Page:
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Scientist looks to bridge gap between current, future energy tech

Energy Department awarded professor over $600,000 for hybrid fuel cell development

BREANNE SEARING, Evergreen reporter

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A WSU researcher received hundreds of thousands of dollars to work on a fuel cell design that could fill the gap between the energy technology of today and the future.

The Department of Energy awarded Dustin McLarty, a mechanical and materials engineering assistant professor, $678,000 to research hybrid fuel cells as part of its Advanced Research Projects Agency – Energy, or ARPA-E, project.

McLarty defined his power system design as a “breaching technology.” He said it could work with natural gas today — while it is still abundant — or synthetic fuels in the future. He said just about any fuel would work once the temperatures at which the system operates are considered.

“High-temperature fuel cells have operated on biogases, landfill gases, gases from wastewater treatment facilities, regular old natural gases,” McLarty said, “just about anything that can be a fuel can be used by this.”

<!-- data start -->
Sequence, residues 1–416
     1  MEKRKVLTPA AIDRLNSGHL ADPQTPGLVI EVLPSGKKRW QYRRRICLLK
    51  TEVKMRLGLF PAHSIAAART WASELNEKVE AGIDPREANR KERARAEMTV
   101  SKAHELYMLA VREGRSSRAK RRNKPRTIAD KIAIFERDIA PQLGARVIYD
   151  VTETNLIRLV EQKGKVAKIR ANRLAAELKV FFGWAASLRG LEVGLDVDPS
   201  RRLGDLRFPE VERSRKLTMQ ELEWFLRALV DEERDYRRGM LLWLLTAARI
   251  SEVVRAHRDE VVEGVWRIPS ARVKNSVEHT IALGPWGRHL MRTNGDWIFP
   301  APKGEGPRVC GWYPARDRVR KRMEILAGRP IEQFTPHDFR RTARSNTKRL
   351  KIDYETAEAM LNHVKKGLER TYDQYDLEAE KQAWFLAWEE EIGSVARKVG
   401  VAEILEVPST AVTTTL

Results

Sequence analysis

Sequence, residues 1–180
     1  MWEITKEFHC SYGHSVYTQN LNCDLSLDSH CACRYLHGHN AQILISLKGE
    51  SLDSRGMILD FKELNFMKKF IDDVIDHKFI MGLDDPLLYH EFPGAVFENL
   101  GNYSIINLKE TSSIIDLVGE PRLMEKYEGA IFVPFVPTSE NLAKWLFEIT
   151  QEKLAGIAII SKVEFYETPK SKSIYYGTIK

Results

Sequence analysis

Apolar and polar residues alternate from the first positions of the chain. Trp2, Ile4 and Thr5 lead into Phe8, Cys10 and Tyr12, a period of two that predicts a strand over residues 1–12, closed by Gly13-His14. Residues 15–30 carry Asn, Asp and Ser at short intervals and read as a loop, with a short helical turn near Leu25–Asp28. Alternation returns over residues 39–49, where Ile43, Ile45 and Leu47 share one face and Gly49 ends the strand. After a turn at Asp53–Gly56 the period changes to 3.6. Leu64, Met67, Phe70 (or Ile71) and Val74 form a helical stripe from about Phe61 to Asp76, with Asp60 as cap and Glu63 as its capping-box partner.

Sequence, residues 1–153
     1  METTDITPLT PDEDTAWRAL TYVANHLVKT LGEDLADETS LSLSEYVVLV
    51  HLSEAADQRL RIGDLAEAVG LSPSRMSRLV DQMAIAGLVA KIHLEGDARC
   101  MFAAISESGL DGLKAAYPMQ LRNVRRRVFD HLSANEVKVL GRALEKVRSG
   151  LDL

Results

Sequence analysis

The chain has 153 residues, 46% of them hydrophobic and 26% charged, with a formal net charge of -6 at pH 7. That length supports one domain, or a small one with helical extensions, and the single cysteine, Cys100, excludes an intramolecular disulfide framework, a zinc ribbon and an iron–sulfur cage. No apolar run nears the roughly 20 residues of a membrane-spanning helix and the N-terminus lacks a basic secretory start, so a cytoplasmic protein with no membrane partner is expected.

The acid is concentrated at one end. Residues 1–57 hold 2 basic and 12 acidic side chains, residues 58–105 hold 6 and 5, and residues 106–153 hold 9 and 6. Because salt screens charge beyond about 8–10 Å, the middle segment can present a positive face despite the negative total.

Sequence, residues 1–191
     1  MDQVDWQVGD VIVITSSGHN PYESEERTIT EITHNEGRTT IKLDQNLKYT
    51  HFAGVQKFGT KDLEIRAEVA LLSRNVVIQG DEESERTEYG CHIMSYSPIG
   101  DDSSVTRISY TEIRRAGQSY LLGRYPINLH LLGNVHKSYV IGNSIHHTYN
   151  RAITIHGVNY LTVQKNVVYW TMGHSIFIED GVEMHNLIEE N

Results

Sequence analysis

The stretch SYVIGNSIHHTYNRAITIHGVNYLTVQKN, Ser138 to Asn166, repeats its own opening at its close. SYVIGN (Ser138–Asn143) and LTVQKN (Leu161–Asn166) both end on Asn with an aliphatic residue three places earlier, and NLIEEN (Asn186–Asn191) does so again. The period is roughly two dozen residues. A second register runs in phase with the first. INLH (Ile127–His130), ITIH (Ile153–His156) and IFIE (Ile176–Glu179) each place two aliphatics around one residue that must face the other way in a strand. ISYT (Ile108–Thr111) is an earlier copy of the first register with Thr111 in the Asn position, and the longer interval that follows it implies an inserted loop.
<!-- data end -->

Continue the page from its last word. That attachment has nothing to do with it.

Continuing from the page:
McLarty is working to improve hybrid power systems by using solid oxide fuel cells, or SOFCs. His design uses a very thin ceramic tile with pressurized fuel on one side and air on the other. The gases mix, triggering a reaction that releases energy in the form of heat and electricity.

Scientists can control where electrons go in the fuel cell, enabling them to convert more energy into electricity and less into heat. This is an important aspect because heat released from the reaction cannot power technology.

McLarty’s new system design added what is called an oxygen membrane, separating the gas turbine from the fuel cell.

“This allows for the turbine to power up and down independently of the fuel cell powering up and down,” McLarty said.

McLarty said the design has a lot of potential for development.

“ARPA-E is very focused on the commercialization pathway,” McLarty said, “and with success, it would be something the university could license out or spin out as a startup company through the university incubator.”

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Scientist looks to bridge gap between current, future energy tech